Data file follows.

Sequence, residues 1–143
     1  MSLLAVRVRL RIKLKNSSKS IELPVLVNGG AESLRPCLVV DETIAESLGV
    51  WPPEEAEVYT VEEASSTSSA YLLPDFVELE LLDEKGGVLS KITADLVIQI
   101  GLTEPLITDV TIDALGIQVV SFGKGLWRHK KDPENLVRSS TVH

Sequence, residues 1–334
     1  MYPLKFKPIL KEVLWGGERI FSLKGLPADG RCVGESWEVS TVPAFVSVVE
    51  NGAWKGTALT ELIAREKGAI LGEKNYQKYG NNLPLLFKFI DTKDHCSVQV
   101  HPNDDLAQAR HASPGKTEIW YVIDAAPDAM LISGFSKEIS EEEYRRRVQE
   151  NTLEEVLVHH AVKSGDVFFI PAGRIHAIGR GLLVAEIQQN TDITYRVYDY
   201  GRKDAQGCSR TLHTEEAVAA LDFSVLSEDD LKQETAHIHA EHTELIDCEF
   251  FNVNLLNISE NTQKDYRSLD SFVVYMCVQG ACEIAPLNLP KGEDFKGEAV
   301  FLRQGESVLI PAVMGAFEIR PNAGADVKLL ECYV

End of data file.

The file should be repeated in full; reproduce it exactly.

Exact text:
Sequence, residues 1–143
     1  MSLLAVRVRL RIKLKNSSKS IELPVLVNGG AESLRPCLVV DETIAESLGV
    51  WPPEEAEVYT VEEASSTSSA YLLPDFVELE LLDEKGGVLS KITADLVIQI
   101  GLTEPLITDV TIDALGIQVV SFGKGLWRHK KDPENLVRSS TVH

Sequence, residues 1–334
     1  MYPLKFKPIL KEVLWGGERI FSLKGLPADG RCVGESWEVS TVPAFVSVVE
    51  NGAWKGTALT ELIAREKGAI LGEKNYQKYG NNLPLLFKFI DTKDHCSVQV
   101  HPNDDLAQAR HASPGKTEIW YVIDAAPDAM LISGFSKEIS EEEYRRRVQE
   151  NTLEEVLVHH AVKSGDVFFI PAGRIHAIGR GLLVAEIQQN TDITYRVYDY
   201  GRKDAQGCSR TLHTEEAVAA LDFSVLSEDD LKQETAHIHA EHTELIDCEF
   251  FNVNLLNISE NTQKDYRSLD SFVVYMCVQG ACEIAPLNLP KGEDFKGEAV
   301  FLRQGESVLI PAVMGAFEIR PNAGADVKLL ECYV